• Halo’s theme is memorable. This will help us remember the experiences we have in Halo Infinite. I couldn’t tell you major events that I recalled from the past two Halo titles, and I bet that largely has to do with the music. Why do we get so hyped when Captain America rallies The Avengers against Thanos? Or when King Theoden charges against Sauron’s forces on Pelennor Fields? It’s the music! I don’t know about you but Master Chief deserves his music when leading his one man army against the Banished.

6. Elites

Halo's Elites have come a long way since Combat Evolved. It's time we stick by our buddies once again.

Do you classic Halo players miss the “wort, wort, wort” of your fellow Elites? Somewhere, somehow, Elites have risen from bombastic foe to our loyal counterparts. Their four-mandibled mouths to their rebellion against The Covenant have made them our best friends and Halo 3 gave us the ability to play as Elites in multiplayer! Now with Halo Infinite on the horizon, it sounds like we’re going to be buddying up with them once again.

  • Elites are a novelty. They simply offer a different perspective on our gameplay experience. Something about teaming up with our former enemies has somehow made them our best friends and missing out on their loyalty for the past few titles has generated a gaping void in our hearts. Remember the classic YouTube series Arby ‘n the Chief? We need THAT friendship in our campaign experience again.
  • Playing as Elites has been a loveable facet of Halo 3 and Halo Reach. Despite the two being vastly different, it gives players more diversity in how they want to customize their characters. More customization has never hurt the player base, and giving gamers a fan service of playable Elites will help 343 Industries regain its shrinking fandom.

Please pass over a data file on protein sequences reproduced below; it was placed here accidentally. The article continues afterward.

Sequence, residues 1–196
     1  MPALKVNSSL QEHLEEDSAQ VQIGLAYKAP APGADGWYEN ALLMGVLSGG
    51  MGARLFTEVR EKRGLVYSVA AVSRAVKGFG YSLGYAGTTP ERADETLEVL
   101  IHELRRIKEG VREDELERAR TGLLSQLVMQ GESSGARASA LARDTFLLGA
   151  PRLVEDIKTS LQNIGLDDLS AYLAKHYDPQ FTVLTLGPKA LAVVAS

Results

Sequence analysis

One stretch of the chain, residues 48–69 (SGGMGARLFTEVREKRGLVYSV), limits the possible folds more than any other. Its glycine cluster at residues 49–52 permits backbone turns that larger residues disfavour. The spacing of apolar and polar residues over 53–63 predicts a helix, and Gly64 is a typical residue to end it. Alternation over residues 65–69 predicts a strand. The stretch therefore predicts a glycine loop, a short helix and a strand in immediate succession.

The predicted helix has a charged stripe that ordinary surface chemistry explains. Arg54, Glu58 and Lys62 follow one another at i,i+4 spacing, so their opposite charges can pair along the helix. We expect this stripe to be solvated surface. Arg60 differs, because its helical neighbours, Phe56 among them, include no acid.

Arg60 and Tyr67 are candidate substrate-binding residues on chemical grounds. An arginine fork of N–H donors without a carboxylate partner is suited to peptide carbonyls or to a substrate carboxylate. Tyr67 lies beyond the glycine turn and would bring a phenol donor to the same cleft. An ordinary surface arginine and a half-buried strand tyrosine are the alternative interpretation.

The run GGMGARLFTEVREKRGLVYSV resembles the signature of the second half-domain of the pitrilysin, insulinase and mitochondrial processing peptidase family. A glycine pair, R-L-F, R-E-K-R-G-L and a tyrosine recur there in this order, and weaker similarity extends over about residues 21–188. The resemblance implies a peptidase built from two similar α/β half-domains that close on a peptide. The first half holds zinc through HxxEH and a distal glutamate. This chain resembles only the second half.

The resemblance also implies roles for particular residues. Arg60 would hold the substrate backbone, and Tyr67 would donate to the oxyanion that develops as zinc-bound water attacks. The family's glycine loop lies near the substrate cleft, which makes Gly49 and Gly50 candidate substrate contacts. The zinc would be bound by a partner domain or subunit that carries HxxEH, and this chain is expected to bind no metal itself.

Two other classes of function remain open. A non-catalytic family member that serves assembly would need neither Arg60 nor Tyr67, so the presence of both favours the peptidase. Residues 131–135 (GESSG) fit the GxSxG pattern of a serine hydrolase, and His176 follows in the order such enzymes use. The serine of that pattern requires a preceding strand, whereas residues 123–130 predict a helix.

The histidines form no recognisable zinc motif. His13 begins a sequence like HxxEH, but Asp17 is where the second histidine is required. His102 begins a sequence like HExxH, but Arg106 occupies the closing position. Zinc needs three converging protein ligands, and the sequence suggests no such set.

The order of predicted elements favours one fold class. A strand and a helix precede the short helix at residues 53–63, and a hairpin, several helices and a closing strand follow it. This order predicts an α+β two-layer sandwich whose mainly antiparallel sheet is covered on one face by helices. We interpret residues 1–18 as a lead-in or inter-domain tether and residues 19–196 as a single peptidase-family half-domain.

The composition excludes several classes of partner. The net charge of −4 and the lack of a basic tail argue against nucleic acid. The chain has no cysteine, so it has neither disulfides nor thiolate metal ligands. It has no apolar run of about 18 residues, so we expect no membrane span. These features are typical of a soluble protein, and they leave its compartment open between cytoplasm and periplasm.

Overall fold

7. ... and Brutes!

Atriox leads his Banished forces. What're the chances we meet him again in Halo Infinite?

Perhaps the most eventful tease 343 Industries has released thus far was a cryptic tweet on their Twitter page. The tease was a brief video of a message decryption that resulted in the words, “... we are The Banished.” If you’re unfamiliar, The Banished are a coalition of Brutes formed by Atriox. They separated from The Covenant long before the Schism that took place in Halo 2 and Halo 3 and were the primary faction in the RTS game Halo Wars 2. This leak might just relate to a new Halo Wars title or IP, but with all the language regarding a spiritual reboot, wouldn’t it make sense that we bring back our fuzzy foes as well?  

  • The Banished have easily been the most compelling enemies we’ve faced from the Reclaimer Saga thus far. Despite our main baddie not being Atriox, we have to deal with a (poorly pixelated) Brute named Escharum. His vengeance against the Master Chief has made us feel unsafe for the first time ever, and a brief glimpse in the UNSC Infinity’s forces being wiped out on a display map makes us feel more alone than ever. Instead of our enemies being hellbent on a religious journey, we are not being hunted by one of the largest separatist factions ever. Start hiding, gamers.
  • Brutes have been a natural counterpart to Elites since Halo 2, and their playstyle reflects that. They are very hard headed, hairy, and, well, brutish. Brutes are a bullet sponge for us to abuse and provide diversity in the enemies we face. After fighting the same Prometheans over and over again, 343 Industries has nothing to lose by introducing another enemy type that we’re familiar with.

8. Focus on the Master Chief

It's time to don the helmet again. 

The last installment of Halo 5: Guardians introduced a new Spartan team composed of some new and one familiar face. The campaign progressed with this newly formed Fireteam Osiris and alternated between their storyline and Blue Team’s story line. This back and forth character swap is not new; Halo 2 did a similar thing with the Arbiter and the Master Chief. Why should we go back to the Master Chief though?